Memorial Day in Oakland Cemetery

The scraggly oak trees intertwine their branches in a tall ceiling that shades the entire drive. Here, the appropriate view of the eternal isn’t blue and bright, but sheltered and close to the ground.  The rows of marble and granite dazzled by bright flowers have their own quiet redemption as the slow speed limit and a gentle wave from each passerby gives the setting grace.

This is Oakland Cemetery, Saint Paul’s municipal cemetery, founded in 1853.

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Cast in Bronze

“Have you believed because you have seen me? Blessed are those who have not seen and yet have come to believe.”
John 20:29 (NRSV)

We live in a time of great turmoil and change. Economically, socially, spiritually, and even biologically our nation is different every day. Our growing diversity should be a strength, not a weakness, if we can find ways to hold ourselves together by emphasizing the principles forged into traditions that made this nation great. But somehow, even simple decency and respect for each other often eludes us.

Why is this? I have come to believe that we have made our great principles far too intellectual, that the beliefs that should hold us together are exercises for the brain when they should be felt with every beat of our hearts. To change this we need more solid physical reminders in our every day life of who we are, as one people – because in the end we are all made as much in the image of the doubting Thomas as much as anyone.

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Riverview Corridor

How is a successful transit project designed and implemented? In the past I’ve complained bitterly about a St Paul project that went badly and praised one that seemed to be going well. The difference? Primarily, it’s about engaging the public and making sure that everything is accounted for.

Today I am a representative of the Fort Road Federation on the Technical Advisory Committee (TAC) for the Riverview Corridor. In the interest of practicing what I preach, here is a full disclosure of what we will do and how I am approaching it. I value your comments, regardless of whether you live in St Paul or somewhere else – everyone has something to add to big, expensive projects like this.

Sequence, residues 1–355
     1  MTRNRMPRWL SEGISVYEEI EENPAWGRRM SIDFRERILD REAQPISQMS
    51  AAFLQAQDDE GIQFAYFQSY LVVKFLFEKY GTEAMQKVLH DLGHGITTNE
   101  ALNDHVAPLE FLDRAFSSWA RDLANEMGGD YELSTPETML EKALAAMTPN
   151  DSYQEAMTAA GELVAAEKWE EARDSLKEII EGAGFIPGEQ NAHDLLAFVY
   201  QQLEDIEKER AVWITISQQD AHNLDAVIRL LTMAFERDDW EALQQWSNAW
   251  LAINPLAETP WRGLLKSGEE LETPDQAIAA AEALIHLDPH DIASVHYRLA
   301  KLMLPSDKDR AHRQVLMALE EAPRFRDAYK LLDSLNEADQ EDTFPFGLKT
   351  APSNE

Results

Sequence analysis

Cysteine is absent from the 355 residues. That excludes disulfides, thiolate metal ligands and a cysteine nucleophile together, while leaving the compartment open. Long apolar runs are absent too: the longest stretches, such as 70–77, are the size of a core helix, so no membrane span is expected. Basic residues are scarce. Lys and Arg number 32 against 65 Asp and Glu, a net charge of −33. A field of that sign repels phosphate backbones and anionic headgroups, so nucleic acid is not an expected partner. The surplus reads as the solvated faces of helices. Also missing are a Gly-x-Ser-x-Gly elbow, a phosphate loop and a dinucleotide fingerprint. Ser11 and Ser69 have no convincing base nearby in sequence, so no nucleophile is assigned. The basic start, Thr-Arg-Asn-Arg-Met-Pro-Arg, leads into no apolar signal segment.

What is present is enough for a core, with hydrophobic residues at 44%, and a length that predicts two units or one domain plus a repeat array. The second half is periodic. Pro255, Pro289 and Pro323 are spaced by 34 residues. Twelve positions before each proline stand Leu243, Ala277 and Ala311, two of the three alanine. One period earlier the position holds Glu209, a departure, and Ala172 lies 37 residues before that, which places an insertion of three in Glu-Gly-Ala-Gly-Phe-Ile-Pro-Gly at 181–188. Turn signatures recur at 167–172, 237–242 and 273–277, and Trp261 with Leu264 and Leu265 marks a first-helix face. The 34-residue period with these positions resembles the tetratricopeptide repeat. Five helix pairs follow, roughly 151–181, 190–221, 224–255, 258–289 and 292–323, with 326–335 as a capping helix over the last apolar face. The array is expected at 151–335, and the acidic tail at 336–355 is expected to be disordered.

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Memorial Day at Oakland Cemetery

The scraggly oak trees intertwine their branches in a tall ceiling that shades the entire drive. Here, the appropriate view of the eternal isn’t blue and bright, but sheltered and close to the ground.  The rows of marble and granite dazzled by bright flowers have their own quiet redemption as the slow speed limit and a gentle wave from each passerby gives the setting grace.

This is Oakland Cemetery, Saint Paul’s municipal cemetery, founded in 1853.

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A St Paul Moment

I believe that I am due a few vacation daze in the summer, especially when I’ve had a long, bad day.  Here is a piece on my city from 2010, in part to commemorate National Night Out.

I came home from a meeting with a client and there they were.  A whole team of guys with buzzing and growling equipment filling Irvine Park with motion and clouds of dirt.  It wasn’t an unusual scene, since the Parks Department does their share to mow regularly – but these guys were different.  It was some private company out trimming and mowing and generally making our li’l park look better than it has in a long time.

What makes this a Saint Paul Moment wasn’t clear until I asked one of them what happened.  Did the city contract out the maintenance?  No.  “The owner of our company’s son is getting married here this weekend, and he wanted it to look nice.”  So he just set his crew loose on our public park and made it look great. That is a Saint Paul Moment.  You just do it. Continue reading

A Cold Humility

(The Sage) knows he makes no fine display,
and wears rough clothes, not finery.
It is not in his expectancy of men
that they should understand his ways,
for he carries his jade within his heart.
– Tao Te Ching 70 (Rosenthal)

The short, hunched figure marched with purpose.  The weather bent us both down, compelled our gaze towards cautious feet and the treacherous lack of grip underneath them.  It was only a casual glance that saw the short red coat and hood approaching as I wondered who else might be out making their own time down the sidewalk.  A child? A friend?  Anyone I knew?

When the figure was close I could see it was an older woman.  It wasn’t until she was close that I could make out anything at all about her even as we both concentrated on our chilling task, the path from here to there.  I smiled a quick “Hello!” and she said as much back as we passed, still a stranger if also a comrade in purpose. But we were both anonymous in our shields against the cold that might catch up if we had stopped for any more than a word.   The weather itself had rendered us equal, distant, and humble.

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Catch a Break

It’s been the kind of week you swim through.  The thick languid air drags back as if yesterday was a long time ago and tomorrow might never come.  It’s not a day to get much work done, but we all slog through.

Daze like this I admit I go back through the Barataria archives to see if there’s anything that needs updating.  Starting from July of 2011, however, it’s positively depressing.  Employment is still lagging and the economy has not done anything new.  At least funding is being secured to restore the old Rathskeller at the Schmidt Brewery on West Seventh – we locals are moving forward with heart and arm and brain.  But at the big level, things are simply languishing as if summer never ended.

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